Pathways to education
The University of Newcastle is a major higher education provider in the Hunter, Central Coast and Mid-North Coast regions of NSW. One of our most important objectives is to provide access to higher education, and opportunities and pathways to professional careers for people in our communities.
The University has a strong partnership with TAFE NSW Institutes to offer students pathways to enter university from vocational education. The University provides clearly defined credit transfer options between institutions where students can use TAFE or other qualifications to enrol at the University and receive credit towards their degrees. As the largest provider of domestic foundation (enabling) programs in Australia, we offer about one third of the nation's Commonwealth supported places. This year, approximately 3,000 students are enrolled in our enabling programs as a stepping stone to higher education. Around 90 per cent of our successful enabling students go on to study in an undergraduate degree program at the University of Newcastle. Some of the University's most outstanding graduates started in an enabling program.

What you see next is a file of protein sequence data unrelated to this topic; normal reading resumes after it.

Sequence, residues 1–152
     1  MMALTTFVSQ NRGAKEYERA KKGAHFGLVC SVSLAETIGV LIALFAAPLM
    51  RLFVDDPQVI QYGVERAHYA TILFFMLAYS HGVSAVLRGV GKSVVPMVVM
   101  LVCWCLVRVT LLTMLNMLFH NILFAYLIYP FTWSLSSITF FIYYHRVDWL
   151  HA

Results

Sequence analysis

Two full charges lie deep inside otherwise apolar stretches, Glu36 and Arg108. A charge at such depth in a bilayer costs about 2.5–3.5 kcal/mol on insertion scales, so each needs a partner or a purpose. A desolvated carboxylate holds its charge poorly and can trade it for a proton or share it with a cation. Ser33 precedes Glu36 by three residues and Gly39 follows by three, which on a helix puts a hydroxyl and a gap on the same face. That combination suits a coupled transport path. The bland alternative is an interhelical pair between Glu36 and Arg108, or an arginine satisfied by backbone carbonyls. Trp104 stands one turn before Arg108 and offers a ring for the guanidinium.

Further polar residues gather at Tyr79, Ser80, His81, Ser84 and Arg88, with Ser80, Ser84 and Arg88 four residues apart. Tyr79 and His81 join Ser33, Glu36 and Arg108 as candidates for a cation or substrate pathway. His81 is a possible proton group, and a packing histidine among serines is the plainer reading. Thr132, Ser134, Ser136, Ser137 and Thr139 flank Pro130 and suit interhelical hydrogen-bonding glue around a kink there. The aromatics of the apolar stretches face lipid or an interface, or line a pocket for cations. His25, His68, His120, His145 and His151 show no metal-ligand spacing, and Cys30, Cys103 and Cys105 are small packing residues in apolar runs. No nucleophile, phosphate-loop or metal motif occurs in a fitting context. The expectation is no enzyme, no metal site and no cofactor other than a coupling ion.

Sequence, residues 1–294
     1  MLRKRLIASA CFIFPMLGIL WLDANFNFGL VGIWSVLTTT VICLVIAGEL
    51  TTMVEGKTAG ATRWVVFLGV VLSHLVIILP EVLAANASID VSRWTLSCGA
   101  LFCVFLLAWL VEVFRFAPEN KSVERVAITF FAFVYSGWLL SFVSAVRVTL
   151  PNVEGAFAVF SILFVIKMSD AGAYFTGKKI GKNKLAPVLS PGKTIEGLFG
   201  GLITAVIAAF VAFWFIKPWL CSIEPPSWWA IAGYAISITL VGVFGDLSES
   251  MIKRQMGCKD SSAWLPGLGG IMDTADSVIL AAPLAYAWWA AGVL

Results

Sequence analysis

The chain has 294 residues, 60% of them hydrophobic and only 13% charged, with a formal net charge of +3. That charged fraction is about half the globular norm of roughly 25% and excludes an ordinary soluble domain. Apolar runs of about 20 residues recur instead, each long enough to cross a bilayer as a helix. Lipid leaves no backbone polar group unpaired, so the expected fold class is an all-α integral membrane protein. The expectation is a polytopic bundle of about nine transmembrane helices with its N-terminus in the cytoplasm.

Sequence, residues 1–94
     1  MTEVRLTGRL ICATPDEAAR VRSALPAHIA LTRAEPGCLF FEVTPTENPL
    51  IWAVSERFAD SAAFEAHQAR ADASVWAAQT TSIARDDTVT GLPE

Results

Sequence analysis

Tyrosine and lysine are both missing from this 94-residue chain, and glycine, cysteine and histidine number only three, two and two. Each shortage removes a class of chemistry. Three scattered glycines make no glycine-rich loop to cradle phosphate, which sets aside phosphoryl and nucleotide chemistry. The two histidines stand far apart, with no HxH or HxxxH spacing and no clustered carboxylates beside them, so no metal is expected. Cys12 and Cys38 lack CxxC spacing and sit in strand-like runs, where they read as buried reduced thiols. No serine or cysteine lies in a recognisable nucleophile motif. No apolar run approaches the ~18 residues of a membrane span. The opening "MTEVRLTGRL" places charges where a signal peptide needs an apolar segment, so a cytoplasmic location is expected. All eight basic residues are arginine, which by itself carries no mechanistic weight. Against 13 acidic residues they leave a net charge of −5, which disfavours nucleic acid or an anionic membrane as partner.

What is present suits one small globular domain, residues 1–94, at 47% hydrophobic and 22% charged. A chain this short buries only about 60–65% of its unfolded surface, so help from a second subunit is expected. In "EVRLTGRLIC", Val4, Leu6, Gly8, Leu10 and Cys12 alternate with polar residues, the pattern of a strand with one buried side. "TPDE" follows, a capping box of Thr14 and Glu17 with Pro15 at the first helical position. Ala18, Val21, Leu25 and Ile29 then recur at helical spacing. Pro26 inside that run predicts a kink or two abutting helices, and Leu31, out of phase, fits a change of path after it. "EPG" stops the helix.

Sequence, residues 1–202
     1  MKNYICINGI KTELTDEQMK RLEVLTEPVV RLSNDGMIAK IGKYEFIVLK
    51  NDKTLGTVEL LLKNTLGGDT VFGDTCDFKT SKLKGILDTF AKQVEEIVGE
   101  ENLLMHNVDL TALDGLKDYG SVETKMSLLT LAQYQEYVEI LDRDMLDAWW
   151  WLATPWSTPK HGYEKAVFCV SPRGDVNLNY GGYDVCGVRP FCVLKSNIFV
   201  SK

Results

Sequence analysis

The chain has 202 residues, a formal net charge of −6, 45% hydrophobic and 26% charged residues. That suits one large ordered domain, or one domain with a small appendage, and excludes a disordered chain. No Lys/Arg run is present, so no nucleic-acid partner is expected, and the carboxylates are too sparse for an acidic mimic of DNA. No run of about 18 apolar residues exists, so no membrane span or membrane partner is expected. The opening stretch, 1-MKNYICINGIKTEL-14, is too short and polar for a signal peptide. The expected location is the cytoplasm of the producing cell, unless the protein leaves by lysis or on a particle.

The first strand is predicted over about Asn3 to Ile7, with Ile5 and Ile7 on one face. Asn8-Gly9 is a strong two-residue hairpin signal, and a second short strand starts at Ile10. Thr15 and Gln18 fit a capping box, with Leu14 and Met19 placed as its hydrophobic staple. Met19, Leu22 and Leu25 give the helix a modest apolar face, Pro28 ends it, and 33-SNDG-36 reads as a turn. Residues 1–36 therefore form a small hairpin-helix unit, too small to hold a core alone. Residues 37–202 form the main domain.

The Open Foundation and Newstep enabling programs provide students without a school leaving entrance score the opportunity to gain an equivalent qualification to get into university. The International Foundation program provides a pathway to undergraduate study for international students who do not have the academic qualifications to gain direct admission into their chosen degree program. Yapug is designed to help Aboriginal and Torres Strait Islander people gain skills for entry into health and other professions. Importantly, the program takes advantage of the support available through Wollotuka, our School of Aboriginal Studies.
Support for Indigenous students
At the forefront of Indigenous education for 25 years, the University actively supports the aspirations of Indigenous people through study and employment opportunities. The University has graduated almost half of the Indigenous doctors in Australia. In 2008, the Australian Universities Quality Agency commented that the University of Newcastle is the Australian leader in Indigenous education and collaboration.
The Wollotuka Indigenous Support Unit, in conjunction with the Gibalee Aboriginal Learning Centre at the Central Coast campus, underpins the most comprehensive range of Indigenous studies programs available in Australia.
The University is home to some of the most prolific and insightful Indigenous students, academics and researchers in the country, who are canvassing a diverse and unique range of issues and themes.
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